4
$\begingroup$

I am looking for an algorithm that generates a derangement with uniform probability across all possible derangements.

This is similar to Generating a random derangement, but with the requirement that the randomness is unbiased, i.e. every derrangment has equal opportunity of being selected.

I have tried the algorithm described here and here, but they offer no such claim, and do not seem to be able to generate every derangement. For example, it does not generate (2,1,4,5,3).

$\endgroup$
2
  • $\begingroup$ Are you allowed to use a rand function for that matter? $\endgroup$ Dec 24, 2014 at 7:46
  • $\begingroup$ @barakmanos, yes, if not, it would be impossible. $\endgroup$ Dec 24, 2014 at 7:47

2 Answers 2

3
$\begingroup$

The algorithm described in the first of your two quoted links can produce $(2,1,4,5,3)$ without any problem: $\require{enclose}$ $$\begin{matrix} 1 & 2 & 3 & 4 & 5\\ 1 & 2 & \underline5 & 4 & \underline3\\ 1 & 2 & 5 & 4 & 3\\ 1 & 2 & \underline4 & \underline5 & 3\\ 1 & 2 & \enclose{circle}{4} & 5 & 3\\ \underline{2} & \underline1 & \enclose{circle}{4} & 5 & 3\\ \end{matrix}$$

  1. initial state,
  2. $3\leftrightarrow5$,
  3. $p\ge\frac{4D_3}{D_5}$, marks nothing,
  4. $4\leftrightarrow5$,
  5. $p\lt\frac{3D_2}{D_4}$, marks $\enclose{circle}{4}$,
  6. $1\leftrightarrow2$
$\endgroup$
0
$\begingroup$

My first thought is that derangements are like perfect matchings in a very dense bipartite graph. If you are not familiar with the concept of bipartite graphs or matchings, this might be unnecessarily confusing.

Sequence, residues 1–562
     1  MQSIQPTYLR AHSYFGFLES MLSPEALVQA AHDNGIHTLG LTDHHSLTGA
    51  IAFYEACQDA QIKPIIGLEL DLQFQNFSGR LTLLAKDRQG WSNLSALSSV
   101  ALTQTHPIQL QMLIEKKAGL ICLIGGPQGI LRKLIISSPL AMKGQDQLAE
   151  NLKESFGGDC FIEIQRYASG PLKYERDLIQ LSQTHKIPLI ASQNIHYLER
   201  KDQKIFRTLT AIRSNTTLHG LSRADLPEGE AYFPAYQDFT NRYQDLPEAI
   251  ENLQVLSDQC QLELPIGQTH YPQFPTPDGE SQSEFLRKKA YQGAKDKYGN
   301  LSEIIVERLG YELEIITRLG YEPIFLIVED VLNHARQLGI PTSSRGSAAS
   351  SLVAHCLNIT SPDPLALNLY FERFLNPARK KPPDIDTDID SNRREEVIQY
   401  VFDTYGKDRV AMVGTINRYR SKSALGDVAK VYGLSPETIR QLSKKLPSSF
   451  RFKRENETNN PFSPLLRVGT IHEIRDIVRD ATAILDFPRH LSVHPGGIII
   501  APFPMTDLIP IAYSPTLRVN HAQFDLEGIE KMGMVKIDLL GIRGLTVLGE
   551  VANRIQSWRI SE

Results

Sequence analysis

Given a set $[n] = \lbrace 1, \dots, n \rbrace$, consider a bipartite graph $G$ with $n$ vertices $l_{1},\dots, l_{n}$ on the left and $n$ vertices $u_{1},\dots, u_{n}$ on the right, with $l_{i}$ being connected with all vertices on the right except the $u_{i}$. You could think that vertex $l_{i}$ corresponds to the $i$th position of the desired derangement, while $u_{j}$ corresponds to value $j$: position $i$ can be assigned any value in $[n]$ except value $i$. A perfect matching in $G$ corresponds exactly to a derangement of $[n]$.

I found this article that points to $2$ papers that apparently describe a method to sample almost uniformly a perfect matching: https://cs.stackexchange.com/questions/10756/sampling-perfect-matching-uniformly-at-random Maybe you could check those. If not, maybe looking for algorithms to randomly sample perfect matchings from (dense) bipartite graphs could help expanding your search.

$\endgroup$

You must log in to answer this question.

Not the answer you're looking for? Browse other questions tagged .